China made a concerted effort to keep overseas dissidents and their relatives out of China. On April 4, less than an hour after she arrived at her parents’ apartment in Sichuan province, police took Li Xiaorong, a research scholar at the University of Maryland, into custody. She was traveling on a U.S. passport and had a valid visa, but according to police officers, her work in the U.S. on behalf of human rights in China was unacceptable. She was only one of several activists deported or turned away at the border during the year.

Interviews with the foreign media often triggered harassment. In June, shortly after his political rights were formally restored,former political prisoner Bao Tong, the highest-ranking official to be imprisoned in connection with the June 1989 protests, was given repeated warnings after he gave interviews to the U.S. print and broadcast media during President Clinton’s visit.

It was routine for public security officers to hold dissidents briefly in connection with the visits of foreign dignitaries. In Xi’an, for example, President Clinton’s first stop in China, police detained four people; they were released shortly afterwards. In September, democracy activists in Wuhan had their homes searched before the arrival in China of French Premier Lionel Jospin.

The Chinese government remained concerned about the potential for increased worker unrest, particularly with ongoing reforms of state enterprises that resulted in widespread layoffs, and officials moved quickly to stop activities in support of labor rights. Zhang Shanguang, founder of the Association to Protect Worker Rights, an organization set up to help laid-off state workers, was detained on July 21 and charged a month later with endangering state security. On August 24, Li Bifeng, a former tax official in Mianyang city, Sichuan province, was sentenced to seven years on a politically motivated fraud charge. Human rights organizations believe his real offense was to have informed international human rights groups about the violent dispersal by police of massive worker protests across Sichuan province.

Religious persecution continued, as did concern that unchecked religious practice was a threat to social stability. New regulations were adopted in Guangzhou city and Zhejiang province requiring religious communities to accept government control, restrict contact with overseas organizations, and register with authorities or face fines and other penalties. In May, Hunan provincial officials banned the “indiscriminate” establishment of temples and outdoor Buddha statues. In April and again in June, officials in Gansu “invited” underground Catholic clerics in at least two dioceses to week-long meetings to pressure them to join the officially recognized church. Some religious leaders who rejected state control of their activities were detained, usually under reeducation through labor provisions.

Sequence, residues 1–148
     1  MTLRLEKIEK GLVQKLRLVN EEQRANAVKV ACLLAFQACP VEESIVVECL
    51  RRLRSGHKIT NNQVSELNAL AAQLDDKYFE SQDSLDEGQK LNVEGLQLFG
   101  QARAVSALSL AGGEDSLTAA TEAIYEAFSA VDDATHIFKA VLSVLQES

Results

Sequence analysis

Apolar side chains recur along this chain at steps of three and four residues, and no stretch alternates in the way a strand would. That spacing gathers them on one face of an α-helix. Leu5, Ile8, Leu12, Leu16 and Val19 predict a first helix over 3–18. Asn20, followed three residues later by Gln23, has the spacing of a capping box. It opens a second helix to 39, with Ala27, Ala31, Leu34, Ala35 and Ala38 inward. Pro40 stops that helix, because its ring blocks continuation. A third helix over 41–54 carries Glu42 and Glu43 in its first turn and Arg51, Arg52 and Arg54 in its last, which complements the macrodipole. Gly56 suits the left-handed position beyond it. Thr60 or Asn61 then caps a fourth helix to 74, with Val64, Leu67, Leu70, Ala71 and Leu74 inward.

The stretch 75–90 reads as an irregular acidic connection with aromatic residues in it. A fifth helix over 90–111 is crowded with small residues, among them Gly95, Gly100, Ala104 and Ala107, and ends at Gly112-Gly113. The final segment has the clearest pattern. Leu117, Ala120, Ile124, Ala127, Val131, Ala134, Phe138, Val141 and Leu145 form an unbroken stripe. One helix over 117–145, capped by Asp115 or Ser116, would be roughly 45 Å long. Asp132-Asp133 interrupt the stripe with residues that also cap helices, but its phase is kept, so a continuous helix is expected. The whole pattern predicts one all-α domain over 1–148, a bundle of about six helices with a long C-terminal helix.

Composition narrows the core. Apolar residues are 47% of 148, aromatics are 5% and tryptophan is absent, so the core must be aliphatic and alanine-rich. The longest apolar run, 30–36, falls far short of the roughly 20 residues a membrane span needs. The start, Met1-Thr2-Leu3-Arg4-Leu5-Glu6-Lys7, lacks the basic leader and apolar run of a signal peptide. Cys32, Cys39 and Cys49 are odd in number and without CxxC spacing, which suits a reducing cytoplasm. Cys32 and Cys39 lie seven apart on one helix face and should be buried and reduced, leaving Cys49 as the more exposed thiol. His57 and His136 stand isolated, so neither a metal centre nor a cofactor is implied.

China made new efforts to control the flow of information. On December 30, 1997, draconian new regulations titled “Administrative Measures for Ensuring the Security of Computer Information Technology, the Internet” mandated fines as high as 15,000 renminbi (approximately U.S.$1,800 at the time) and threatened unspecified “criminal punishments” for use of the Internet agencies. In March 25, Lin Hai, a computer company manager, was detained in Shanghai and later charged with “inciting to subvert the government” for providing a U.S.-based dissident magazine with the e-mail addresses of 30,000 users in China. He was believed to be still in detention as of September, although the prosecutor had rejected the case for lack of evidence.

Media censorship continued. In August, the Chinese Communist Party’s Central Committee announced restrictions on reporting corruption cases involving senior officials, hitherto unreported activities of deceased leaders, and immoral social phenomena. Earlier, officials limited independent reporting on natural disasters such as an earthquake in Hebei on January 11 and the disastrous floods along the Yangtze river. Chinese authorities also routinely interfered with reporting by foreign journalists.

As of October, China was reportedly planning to amend its adoption law, facilitating domestic adoptions. Such an amendment could significantly reduce the number of children in state orphanages, many of whom suffer from inadequate care.

On October 20 and 21, China hosted a two-day international symposium on human rights to commemorate the fiftieth anniversary of the Universal Declaration of Human Rights. The government used the meeting to argue against universal standards.

The human rights situation in Tibet remained a major source of concern. At the end of 1997 Chinese government officials made clear that a campaign against the Dalai Lama and pro-independence forces would continue.

At least ten and possibly twelve prisoners reportedly died following two protests in Drapchi prison in Lhasa, the Tibetan capital, in May. The first protest took place on May 1, the second on May 4, on the day of a visit to the prison by ministers from the E.U. troika countries. During both, prisoners shouted slogans in support of independence and the Dalai Lama. In the weeks following the E.U. visit, scores of prisoners were interrogated, beaten, and placed in solitary confinement. Some of the prisoners were reported to have died in early June. Two reportedly were killed by gunfire during one of the protests, while others were said to have died from beatings. Authorities in Tibet maintained that many of the deaths were suicides. No independent investigation had taken place by the end of the year.

Details of retaliation against prisoners involved in a earlier protest during the visit of the U.N. Working Group on Arbitrary Detention in October 1997 became known in 1998. Three prisoners who shouted political slogans reportedly were beaten and held in solitary confinement for a lengthy period before having their prison terms extended between three and ten years.